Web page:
Isolationism Threatens Climate Progress: Former U.K. Admiral

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By Dean Scott

Sept. 7 — Global progress on climate change could hinge on whether the U.S. and other developed countries avoid the isolationist path of the U.K. and calls for similar withdrawal from engagement within the U.S. and Europe, a former U.K. rear admiral told Bloomberg BNA Sept. 7.

“Globally we are seeing nations looking more inward, and we have to counter that; we also have to acknowledge that in a globalized world, we need to look after everybody,” retired Rear Admiral Neil Morisetti said in an interview after a closed-door meeting with Senate Democrats. Morisetti, who also served as U.K. climate and energy security envoy and other climate positions, addressed a caucus of senators begun by the minority party in 2013 in hopes of keeping climate action on the congressional agenda.

Morisetti told the group—which included Sens. Ben Cardin (D-Md.), Ed Markey (D-Mass.) and Jeff Merkley (D-Ore.)—of increasing concerns among military experts that climate change is acting as a “threat multiplier” in destabilizing countries and contributing to conflicts in Syria and elsewhere in the Middle East.

“It’s like pouring a bucket of petrol or gas on a fire,” he said after his remarks to the caucus, dubbed the Senate Climate Change Clearinghouse.

“We’ve seen it in the context of the Arab Spring and seen it in the context of Syria, as a contributing factor” to upheaval, he said.

“It’s important we understand the threat it poses to geopolitical stability, which at the end of the day is a prerequisite for sustained economic growth, prosperity, trade—all of the things in the world we need for people” to prosper, Morisetti said.

The U.S. Defense Department as well as other military and security experts warn that a changing climate exacerbates already existing challenges such as energy shortages; scarcity of food and water; competition for arable land; volatile food supplies and prices; and sea level rise, which poses a threat to U.S. bases at home and overseas.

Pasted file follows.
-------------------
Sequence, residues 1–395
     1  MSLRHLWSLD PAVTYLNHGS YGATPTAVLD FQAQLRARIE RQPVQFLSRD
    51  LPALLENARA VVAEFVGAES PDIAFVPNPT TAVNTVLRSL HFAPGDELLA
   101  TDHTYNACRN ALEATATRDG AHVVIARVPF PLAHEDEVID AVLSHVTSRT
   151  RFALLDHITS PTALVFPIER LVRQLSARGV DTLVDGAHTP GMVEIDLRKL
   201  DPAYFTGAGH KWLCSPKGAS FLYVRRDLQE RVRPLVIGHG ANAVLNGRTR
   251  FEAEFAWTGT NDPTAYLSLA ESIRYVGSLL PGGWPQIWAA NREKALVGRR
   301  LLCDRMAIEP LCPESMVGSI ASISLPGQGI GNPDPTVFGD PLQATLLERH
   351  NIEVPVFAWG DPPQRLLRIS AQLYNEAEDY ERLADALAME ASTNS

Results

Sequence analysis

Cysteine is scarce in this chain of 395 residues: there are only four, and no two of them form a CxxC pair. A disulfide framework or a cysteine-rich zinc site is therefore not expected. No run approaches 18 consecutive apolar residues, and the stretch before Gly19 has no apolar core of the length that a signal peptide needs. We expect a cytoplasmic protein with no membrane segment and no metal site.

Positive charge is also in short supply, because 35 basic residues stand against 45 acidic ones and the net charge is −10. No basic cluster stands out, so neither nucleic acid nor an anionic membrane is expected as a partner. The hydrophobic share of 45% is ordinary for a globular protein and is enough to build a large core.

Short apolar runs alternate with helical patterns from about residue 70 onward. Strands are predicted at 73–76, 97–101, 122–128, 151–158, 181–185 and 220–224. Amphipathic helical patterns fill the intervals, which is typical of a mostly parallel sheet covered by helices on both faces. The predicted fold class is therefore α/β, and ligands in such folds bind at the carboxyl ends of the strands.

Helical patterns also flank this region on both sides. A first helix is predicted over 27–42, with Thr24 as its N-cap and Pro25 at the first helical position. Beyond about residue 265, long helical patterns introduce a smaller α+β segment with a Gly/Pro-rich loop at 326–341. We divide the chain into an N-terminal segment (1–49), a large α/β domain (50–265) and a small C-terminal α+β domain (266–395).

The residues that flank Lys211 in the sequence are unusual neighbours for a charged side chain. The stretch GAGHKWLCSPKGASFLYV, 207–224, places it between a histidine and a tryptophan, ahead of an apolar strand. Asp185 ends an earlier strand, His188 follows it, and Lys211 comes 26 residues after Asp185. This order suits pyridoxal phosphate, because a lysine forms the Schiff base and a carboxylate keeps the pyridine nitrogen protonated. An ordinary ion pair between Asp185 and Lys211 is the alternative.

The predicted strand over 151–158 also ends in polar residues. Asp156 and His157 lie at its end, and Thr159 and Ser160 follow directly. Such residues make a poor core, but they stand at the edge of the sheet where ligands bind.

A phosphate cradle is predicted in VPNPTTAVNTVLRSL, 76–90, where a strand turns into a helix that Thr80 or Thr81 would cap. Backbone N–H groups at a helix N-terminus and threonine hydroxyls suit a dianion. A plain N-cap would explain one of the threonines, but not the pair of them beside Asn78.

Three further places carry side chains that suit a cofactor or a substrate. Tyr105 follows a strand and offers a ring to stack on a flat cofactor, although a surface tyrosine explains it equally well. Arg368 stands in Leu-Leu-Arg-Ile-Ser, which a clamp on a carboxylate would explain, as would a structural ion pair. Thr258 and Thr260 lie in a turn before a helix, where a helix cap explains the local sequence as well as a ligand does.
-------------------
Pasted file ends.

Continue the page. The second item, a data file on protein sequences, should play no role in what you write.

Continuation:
Concern Over Isolationism

Morisetti said he is concerned that developed nations are showing signs of retreat from international engagement that he said had served the U.K. and the U.S. well in the last century, from the allied efforts in World War I and World War II to confronting communism through the collapse of the Soviet Union in the late 1980s.

Both the U.K. and the U.S. were strong supporters of the global climate pact reached in Paris in December, under which developed and developing nations for the first time agreed to take actions to address rising greenhouse gas emissions linked to increasing global temperatures.

But the June Brexit vote, in which 52 percent of U.K. voters supported what is likely to be a multi-year withdrawal from the European Union, as well as worrying signs of retrenchment or even isolationism in the U.S. and Europe, could be a sign that developed countries are on the verge of retreating from global cooperation, the retired rear admiral said.

“Globally we are seeing nations looking more inward, and we have to counter that. What we also have to acknowledge is that in a globalized world, we need to look after everybody. We need to focus on our own countries but also further afield in order to ensure that we avoid these inward-looking approaches,” Morisetti said.

“Put simply, when you start down this path of inward-looking, you start to only worry about yourself,” he said. “And the consequence of that we have seen twice in the last century,” he said, referring the two world wars of the 20th century.

To contact the reporter on this story: Dean Scott in Washington at

To contact the editor responsible for this story: Larry Pearl at

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